Most consumers believe creating back-up copies of digital media is a right, suggests research announced yesterday by GartnerG2.

The analyst found that 82 per cent of US consumers questioned, believed creating backups is legal. A lack of these rights will negatively impact online media distribution for the next three to five years, the report claims.

"The reality is that current laws are vague, and content companies are pushing for strict control over consumer copying behaviour," said research director Mike McGuire.

"Until laws are passed allowing consumers the right to back up legally, uncertainty about the lack of basic archiving and backup capabilities will stunt growth of the online media distribution market for the next three to five years," he added.

One of Japan's largest record labels released copy-protected CDs back in March of this year and many companies, including electronics giant Sony, voiced their concerns. Likewise when US firm 321 Studios released software to allow DVD copying it faced a barrage of red tape and uncertain laws.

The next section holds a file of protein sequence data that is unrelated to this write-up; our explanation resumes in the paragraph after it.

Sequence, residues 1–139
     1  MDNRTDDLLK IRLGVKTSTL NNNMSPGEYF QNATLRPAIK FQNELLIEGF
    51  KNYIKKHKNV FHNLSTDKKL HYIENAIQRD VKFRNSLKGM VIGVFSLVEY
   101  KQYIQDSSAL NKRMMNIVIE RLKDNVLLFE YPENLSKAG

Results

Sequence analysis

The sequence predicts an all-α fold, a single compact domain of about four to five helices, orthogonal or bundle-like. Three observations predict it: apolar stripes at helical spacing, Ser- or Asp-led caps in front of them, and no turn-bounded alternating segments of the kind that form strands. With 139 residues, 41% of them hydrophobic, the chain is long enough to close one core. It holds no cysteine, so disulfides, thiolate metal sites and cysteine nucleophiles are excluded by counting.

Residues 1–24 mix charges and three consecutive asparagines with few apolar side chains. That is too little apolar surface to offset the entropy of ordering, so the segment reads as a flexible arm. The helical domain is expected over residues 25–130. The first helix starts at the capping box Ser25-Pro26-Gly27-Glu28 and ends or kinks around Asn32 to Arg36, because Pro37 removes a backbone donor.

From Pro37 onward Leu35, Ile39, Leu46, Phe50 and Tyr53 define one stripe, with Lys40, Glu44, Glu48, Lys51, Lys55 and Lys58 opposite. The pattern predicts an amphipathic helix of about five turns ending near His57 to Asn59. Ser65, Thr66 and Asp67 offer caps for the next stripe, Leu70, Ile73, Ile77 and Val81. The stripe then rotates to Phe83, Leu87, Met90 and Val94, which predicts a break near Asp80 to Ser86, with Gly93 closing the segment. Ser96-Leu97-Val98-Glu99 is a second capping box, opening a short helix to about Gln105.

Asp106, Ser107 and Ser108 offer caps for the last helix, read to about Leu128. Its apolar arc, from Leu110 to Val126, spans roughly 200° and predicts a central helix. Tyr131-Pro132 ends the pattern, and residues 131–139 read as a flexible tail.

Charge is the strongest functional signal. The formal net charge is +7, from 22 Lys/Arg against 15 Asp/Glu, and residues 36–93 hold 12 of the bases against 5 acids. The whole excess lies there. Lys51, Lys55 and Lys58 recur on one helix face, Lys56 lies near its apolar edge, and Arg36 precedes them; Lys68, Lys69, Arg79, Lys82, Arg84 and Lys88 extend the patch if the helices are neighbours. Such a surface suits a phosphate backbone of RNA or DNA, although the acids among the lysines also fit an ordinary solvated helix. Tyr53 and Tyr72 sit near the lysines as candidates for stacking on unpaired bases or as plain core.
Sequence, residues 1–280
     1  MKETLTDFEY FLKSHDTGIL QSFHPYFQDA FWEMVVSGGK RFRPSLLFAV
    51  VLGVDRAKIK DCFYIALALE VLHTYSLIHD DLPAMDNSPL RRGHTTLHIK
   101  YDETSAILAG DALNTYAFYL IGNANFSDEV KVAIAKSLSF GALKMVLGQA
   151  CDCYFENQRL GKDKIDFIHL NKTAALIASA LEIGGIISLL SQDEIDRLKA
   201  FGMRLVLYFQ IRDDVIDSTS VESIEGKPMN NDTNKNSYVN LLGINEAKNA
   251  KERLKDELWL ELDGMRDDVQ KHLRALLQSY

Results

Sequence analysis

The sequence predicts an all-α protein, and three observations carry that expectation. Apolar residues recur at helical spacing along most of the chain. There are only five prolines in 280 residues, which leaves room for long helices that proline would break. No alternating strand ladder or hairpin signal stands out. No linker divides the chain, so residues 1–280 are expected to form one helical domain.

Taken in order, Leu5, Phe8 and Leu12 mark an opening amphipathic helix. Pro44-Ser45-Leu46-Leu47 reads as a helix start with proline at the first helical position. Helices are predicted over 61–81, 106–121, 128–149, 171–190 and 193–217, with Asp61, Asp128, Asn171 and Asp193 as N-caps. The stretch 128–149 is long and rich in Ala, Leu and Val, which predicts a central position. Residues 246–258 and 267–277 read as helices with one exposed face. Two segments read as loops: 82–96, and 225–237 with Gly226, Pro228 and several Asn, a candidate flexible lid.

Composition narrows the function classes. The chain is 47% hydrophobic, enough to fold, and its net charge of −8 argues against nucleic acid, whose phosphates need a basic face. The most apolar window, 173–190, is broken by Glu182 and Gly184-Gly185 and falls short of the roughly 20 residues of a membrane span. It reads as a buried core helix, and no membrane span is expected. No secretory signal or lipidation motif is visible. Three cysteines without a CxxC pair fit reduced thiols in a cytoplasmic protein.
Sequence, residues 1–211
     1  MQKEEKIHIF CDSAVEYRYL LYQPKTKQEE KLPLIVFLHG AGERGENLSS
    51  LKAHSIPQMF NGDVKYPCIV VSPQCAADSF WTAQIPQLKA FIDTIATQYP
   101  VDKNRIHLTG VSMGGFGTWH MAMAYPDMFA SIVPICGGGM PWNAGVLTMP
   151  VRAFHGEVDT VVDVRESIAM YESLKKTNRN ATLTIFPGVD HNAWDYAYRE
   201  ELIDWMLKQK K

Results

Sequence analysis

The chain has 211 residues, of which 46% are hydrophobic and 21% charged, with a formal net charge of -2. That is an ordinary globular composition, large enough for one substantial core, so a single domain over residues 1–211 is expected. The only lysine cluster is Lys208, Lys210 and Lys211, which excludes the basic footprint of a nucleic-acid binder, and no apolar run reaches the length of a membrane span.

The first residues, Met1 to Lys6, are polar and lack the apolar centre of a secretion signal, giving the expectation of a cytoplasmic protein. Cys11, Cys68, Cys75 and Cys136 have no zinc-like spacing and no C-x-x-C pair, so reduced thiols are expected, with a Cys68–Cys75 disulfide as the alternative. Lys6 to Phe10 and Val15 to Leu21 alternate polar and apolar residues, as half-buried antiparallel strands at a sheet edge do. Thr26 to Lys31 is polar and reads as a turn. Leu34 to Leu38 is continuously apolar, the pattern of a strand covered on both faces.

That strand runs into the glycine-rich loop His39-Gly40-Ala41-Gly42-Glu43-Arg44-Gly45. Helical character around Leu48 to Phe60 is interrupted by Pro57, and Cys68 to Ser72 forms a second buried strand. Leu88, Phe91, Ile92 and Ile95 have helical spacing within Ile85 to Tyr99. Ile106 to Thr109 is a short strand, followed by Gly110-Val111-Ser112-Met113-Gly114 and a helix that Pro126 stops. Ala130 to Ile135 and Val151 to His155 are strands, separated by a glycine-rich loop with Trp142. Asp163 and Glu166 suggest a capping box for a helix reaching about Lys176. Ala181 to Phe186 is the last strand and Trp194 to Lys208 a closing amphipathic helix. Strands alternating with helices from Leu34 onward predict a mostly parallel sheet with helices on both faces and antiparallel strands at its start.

Today's CDs, at an average price of £16 each, have a life span of around 15 years compared to vinyl which has no life limit. Banning buyers from copying their CDs as backups for personal use seems the wrong way to go about improving sales. The music industry will need to work with the government, both here and in the USA, to provide an answer, before even more buyers turn their back on original copies in favour of music download sites such as Kazaa.